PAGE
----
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    Scribe,chalk,fine tip marking pen.

  8. #8
    Join Date
    Dec 2018
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    NSW
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    Default

    A speed square is my go to- quick and accurate 90's and 45's in no time. Use the 3,4,5 rule for larger angles if you are squaring up workbench legs for example.
    Scribes and a compass are great for detail work, but a nicely sharpened piece of soapstone wins out for most jobs, mainly from the visibility.

  9. #9
    BobL is offline Member: Blue and white apron brigade
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    Quote Originally Posted by creesy View Post
    What would you all recommend as some must have clamps?
    It depends what you are doing.
    I weld a lot of small stuff so I use multi grips a fair bit and have several pairs, but got myself half a dozen of each of plain 50, 75, 100 and 150 mm G- clamps and probably use these more than anything else
    I just bought a few super cheap ones to start with but over time bought better ones.
    I have some all-metal F-Clamps like these https://www.machineryhouse.com.au/W1028
    Clamping pliers are pretty handy as are corner clamps and magnetic clamps
    I use sash and adjustable pipe clamps up to 3m long for wood working that come in handy when making things like bench frames etc.

    And what are the best things for marking 45 degree cuts etc?
    I use a budget version of one of these for marking stuff out.
    https://www.machineryhouse.com.au/Q200
    The centre finder is very useful.

    A pair of long nose pliers comes in hand for picking up stuff that's too hot even for gloves.

  10. #10
    Join Date
    Jun 2019
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    Melbourne
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    Default

    I appreciate all the replies.

    After work on Friday Iíll pick up some flat bar, 1mm cutting discs, a strip and clean disc, speed square and scribe and maybe some assorted clamps.

    Then Iíll get to work doing a few different types of welds and post pics up here for critiquing, stay tuned it might be good for a laugh

  11. #11
    Join Date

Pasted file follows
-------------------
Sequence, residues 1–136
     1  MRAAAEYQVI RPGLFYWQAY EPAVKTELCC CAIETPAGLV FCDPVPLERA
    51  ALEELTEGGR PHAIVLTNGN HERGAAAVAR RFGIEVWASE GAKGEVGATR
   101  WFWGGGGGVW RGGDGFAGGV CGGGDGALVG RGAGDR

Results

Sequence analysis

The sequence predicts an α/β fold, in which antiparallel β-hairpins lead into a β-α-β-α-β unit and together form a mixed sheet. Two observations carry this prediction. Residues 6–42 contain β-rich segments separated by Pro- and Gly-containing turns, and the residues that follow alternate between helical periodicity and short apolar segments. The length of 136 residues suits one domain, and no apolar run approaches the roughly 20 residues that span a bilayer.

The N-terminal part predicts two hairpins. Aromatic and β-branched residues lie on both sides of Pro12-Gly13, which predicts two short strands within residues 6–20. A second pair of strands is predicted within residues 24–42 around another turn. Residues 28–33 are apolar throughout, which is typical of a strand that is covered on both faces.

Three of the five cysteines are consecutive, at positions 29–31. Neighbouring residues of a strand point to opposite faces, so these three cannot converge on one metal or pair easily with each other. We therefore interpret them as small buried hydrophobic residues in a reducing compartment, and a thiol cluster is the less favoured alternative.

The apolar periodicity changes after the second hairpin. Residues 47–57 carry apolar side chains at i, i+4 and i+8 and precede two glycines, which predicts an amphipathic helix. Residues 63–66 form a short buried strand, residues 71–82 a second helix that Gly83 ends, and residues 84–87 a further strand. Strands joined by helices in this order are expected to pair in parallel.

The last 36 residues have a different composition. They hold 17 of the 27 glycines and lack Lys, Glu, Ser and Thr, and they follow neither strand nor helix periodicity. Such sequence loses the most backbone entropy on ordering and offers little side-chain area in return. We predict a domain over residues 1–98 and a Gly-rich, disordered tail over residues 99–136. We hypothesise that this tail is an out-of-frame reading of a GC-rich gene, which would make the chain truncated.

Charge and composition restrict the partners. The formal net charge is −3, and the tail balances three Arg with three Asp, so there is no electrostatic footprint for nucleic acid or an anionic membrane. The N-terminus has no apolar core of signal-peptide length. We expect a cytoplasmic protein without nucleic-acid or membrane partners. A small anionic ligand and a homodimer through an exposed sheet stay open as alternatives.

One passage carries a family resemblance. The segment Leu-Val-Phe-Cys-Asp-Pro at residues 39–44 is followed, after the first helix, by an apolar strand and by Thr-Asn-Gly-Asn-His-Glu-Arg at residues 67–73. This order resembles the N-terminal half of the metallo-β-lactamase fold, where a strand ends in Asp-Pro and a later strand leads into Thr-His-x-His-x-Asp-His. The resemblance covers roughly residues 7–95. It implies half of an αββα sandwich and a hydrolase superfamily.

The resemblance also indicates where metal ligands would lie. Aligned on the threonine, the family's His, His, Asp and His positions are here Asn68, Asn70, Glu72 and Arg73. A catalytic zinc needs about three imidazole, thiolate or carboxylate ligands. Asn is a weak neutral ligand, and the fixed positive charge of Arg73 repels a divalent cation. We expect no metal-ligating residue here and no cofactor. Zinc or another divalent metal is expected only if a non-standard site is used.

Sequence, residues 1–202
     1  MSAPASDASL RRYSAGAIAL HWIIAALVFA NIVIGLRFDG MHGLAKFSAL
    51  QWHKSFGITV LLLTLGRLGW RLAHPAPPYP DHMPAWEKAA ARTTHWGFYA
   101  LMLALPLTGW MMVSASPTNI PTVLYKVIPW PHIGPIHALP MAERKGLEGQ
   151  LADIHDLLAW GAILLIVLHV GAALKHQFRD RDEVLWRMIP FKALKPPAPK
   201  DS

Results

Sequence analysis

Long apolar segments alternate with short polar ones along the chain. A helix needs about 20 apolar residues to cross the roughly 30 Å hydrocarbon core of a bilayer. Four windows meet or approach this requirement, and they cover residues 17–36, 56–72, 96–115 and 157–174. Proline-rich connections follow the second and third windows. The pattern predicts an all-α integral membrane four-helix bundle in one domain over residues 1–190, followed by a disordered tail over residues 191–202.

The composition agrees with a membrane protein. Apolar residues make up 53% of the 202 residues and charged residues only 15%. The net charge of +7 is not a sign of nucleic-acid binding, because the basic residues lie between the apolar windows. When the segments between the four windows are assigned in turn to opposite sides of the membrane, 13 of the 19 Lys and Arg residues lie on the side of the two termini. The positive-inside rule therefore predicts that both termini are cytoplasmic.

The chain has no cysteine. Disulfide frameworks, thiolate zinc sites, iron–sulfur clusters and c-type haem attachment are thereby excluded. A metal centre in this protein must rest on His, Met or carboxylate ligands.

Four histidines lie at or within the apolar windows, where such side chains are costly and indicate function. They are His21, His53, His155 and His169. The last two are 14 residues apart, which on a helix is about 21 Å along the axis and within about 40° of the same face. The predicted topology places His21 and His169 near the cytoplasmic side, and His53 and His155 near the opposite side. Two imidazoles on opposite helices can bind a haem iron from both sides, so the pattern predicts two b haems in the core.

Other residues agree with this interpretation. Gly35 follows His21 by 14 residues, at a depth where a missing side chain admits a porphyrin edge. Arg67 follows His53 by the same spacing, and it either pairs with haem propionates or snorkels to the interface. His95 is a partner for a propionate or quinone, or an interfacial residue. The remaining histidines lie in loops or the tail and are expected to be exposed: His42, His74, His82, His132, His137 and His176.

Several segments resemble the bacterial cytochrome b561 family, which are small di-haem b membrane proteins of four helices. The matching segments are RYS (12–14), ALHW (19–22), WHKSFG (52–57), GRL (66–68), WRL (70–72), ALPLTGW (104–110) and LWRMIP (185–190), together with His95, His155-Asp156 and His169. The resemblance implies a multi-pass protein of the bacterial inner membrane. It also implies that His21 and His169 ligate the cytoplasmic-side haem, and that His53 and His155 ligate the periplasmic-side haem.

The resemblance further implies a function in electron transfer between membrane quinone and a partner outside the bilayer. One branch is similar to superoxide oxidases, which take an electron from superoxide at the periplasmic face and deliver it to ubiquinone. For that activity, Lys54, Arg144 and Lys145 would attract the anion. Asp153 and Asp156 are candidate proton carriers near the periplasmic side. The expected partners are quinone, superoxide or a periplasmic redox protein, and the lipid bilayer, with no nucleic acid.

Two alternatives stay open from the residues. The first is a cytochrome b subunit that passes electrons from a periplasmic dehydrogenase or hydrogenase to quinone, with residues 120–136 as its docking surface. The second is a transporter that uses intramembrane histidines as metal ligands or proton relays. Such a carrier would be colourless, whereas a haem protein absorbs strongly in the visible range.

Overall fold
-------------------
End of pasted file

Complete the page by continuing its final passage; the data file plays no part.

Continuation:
Jun 2019
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    Melbourne
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    Default

    So I took everyones advice and went and got some flat bar etc. and put down my first welds today....they aren't pretty but I'm here for advice to improve.

    Number one

    IMG_2222.jpg
    Started out ok but then something happened and I lost gas....

    Number two

    IMG_2223.jpg

    IMG_2224.jpg

    Number Three

    IMG_2225.jpg

    Number four

    IMG_2226.jpg

    So there they are my first attempts....I think I need to manipulate the gun less and just concentrate on being even across both plates.

    What do you all think I should try on the next couple to improve my welding?

  12. #12
    Join Date
    Mar 2013
    Location
    Ningi Qld Australia
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    34

    Default

    They look like quite cold beads, up the voltage and possibly the wire speed as well. That pic with the contamination, at a guess it looks like you forgot to open the valve on the regulator, so once the pressure in the reg was used up you ended up with that. I think we are all guilty of doing the same or something similar at some point!

  13. #13
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    Jun 2019
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    Quote Originally Posted by Ed.. View Post
    They look like quite cold beads, up the voltage and possibly the wire speed as well. That pic with the contamination, at a guess it looks like you forgot to open the valve on the regulator, so once the pressure in the reg was used up you ended up with that. I think we are all guilty of doing the same or something similar at some point!

    Thanks for the feedback ed. I think you might be right about not opening the valve lol

    You mentioned the welds look cold. How do you identify that so that I can identify it myself in the future?

  14. #14
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    When welding are you pulling ( welding wire being dragged along material ) or pushing ( welding wire being pushed into material )?

  15. #15
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    Jun 2019
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    Default

    Quote Originally Posted by pipeclay View Post
    When welding are you pulling ( welding wire being dragged along material ) or pushing ( welding wire being pushed into material )?
    Those welds were all pushing